While the joy of driving a snowmobile might lead some to think of them as little more than “another toy,” snowmobile safety is a serious topic. Ontario has legislation devoted to the regulation of snowmobiles. 

Whether you’re familiar with Ontario’s Motorized Snow Vehicles Act, R.S.O. 1990, c. M.44 (which governs the operation of snowmobiles) or not, understanding the rules and regulations around snowmobiles – and snowmobile safety – is essential for enjoying snowmobiles safely and avoiding snowmobile accidents

Rules and Laws for Snowmobile Safety in Ontario 

What rules do snowmobile drivers need to know about? Below, we’ll outline some basic rules regarding snowmobile operations in Ontario. 

Most of the rules apply to snowmobile operators on public lands. If you are operating your snowmobile on your land, many rules will only apply to you if specified. However, we strongly advise snowmobilers to follow the rules regardless of where they’re operating their snowmobile to minimize risk and preserve their rights if injured. For example, you will not be eligible for accident benefits if you do not have insurance for your snowmobile and are injured in a snowmobile accident. 

Who Can Operate a Snowmobile? 

To legally operate a snowmobile in Ontario, you must be over 16 and possess a valid Ontario driver’s license. 

However, you can still operate a snowmobile if you are 12 or older and do not possess a valid Ontario driver’s license if you complete the Ontario Snowmobile Safety Course and obtain your Motorized Snow Vehicle Operator’s Licence. 

To operate a snowmobile, you’ll also need a permit. You will need to carry your permit with you when operating your snowmobile.

Where Can I Drive My Snowmobile? 

Snowmobile operators may have restrictions on where they can operate a snowmobile, depending on their age and license, as follows:

  • Snowmobilers under 12: private property only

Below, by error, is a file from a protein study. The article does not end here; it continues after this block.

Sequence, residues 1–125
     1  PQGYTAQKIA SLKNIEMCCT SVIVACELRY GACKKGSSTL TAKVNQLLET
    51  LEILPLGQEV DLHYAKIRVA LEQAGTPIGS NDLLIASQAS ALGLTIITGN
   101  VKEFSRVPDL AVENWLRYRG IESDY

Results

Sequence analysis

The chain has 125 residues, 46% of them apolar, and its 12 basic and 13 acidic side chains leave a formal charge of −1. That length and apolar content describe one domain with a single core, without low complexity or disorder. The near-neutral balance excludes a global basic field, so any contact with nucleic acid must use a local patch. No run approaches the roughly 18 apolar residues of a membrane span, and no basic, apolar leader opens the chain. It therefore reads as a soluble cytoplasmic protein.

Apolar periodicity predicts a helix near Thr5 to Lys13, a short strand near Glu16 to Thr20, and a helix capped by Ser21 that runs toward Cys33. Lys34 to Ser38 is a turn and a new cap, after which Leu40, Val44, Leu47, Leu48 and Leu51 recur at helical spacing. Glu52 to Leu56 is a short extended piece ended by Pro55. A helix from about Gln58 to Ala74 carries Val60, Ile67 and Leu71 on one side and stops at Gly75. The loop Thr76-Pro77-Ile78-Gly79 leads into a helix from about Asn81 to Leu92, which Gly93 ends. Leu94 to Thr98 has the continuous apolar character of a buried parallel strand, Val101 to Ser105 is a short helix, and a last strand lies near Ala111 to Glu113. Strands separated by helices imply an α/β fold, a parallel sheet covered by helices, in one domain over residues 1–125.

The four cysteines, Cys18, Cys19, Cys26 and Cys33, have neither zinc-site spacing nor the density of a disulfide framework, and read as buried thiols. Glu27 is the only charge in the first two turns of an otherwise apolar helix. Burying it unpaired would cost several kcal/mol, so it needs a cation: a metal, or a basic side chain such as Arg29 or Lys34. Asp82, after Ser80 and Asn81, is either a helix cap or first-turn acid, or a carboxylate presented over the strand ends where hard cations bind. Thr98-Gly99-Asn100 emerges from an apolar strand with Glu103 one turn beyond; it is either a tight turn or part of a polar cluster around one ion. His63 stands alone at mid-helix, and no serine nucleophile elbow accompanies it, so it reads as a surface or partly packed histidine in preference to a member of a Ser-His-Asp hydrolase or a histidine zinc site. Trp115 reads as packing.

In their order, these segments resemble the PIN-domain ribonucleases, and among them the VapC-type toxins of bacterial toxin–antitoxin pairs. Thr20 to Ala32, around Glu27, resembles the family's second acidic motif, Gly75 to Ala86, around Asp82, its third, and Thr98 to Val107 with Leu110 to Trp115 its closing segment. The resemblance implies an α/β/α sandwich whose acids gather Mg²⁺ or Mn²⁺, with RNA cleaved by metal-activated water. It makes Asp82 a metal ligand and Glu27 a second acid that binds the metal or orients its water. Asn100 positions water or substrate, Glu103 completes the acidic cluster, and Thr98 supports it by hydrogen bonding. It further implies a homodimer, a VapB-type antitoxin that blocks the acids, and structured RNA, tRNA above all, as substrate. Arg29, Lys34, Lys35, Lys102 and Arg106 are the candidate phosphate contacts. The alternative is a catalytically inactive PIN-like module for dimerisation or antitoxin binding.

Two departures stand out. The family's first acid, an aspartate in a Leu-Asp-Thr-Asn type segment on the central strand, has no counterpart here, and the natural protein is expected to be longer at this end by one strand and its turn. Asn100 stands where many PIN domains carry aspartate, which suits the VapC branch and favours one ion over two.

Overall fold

• Snowmobilers between 12 and 15: private property and snowmobile trails
  • Snowmobilers 16 and over: private property, snowmobile trails, and across roads and on roadways (when permitted) 

Do I Need a Permit to Operate a Snowmobile? 

Specific trails (like recreational OFSC Prescribed Snowmobile Trails) require snowmobilers to carry a trail permit. Like a snowmobile permit, snowmobilers must bring their trail permit with them while operating their snowmobile on designated trails. 

Do I Need Insurance to Operate a Snowmobile? 

Snowmobile operators must have a motor vehicle liability policy for their snowmobile and must not allow anyone else to drive the snowmobile if it is uninsured. Failing to obtain insurance and carry your insurance documents with you will result in a fine between $200-1,000. 

Do I Need Safety Gear to Operate a Snowmobile? 

Snowmobile operators are required to wear a helmet and ensure the chin strap of the helmet is securely fastened under their chin. 

Does Ontario Have Snowmobile Speed Limits? 

Yes, speed limits apply to snowmobiles in Ontario. 

Snowmobilers are expected to go at most 50 km/hr on trails or highways where the speed limit is greater than 50 km/hr for other motor vehicles. The speed limit drops to 20 km/hr for snowmobilers in public parks or highways, where the speed limit is 50 km/hr or less for other motor vehicles. 

How Are Snowmobile Accidents Handled in Ontario?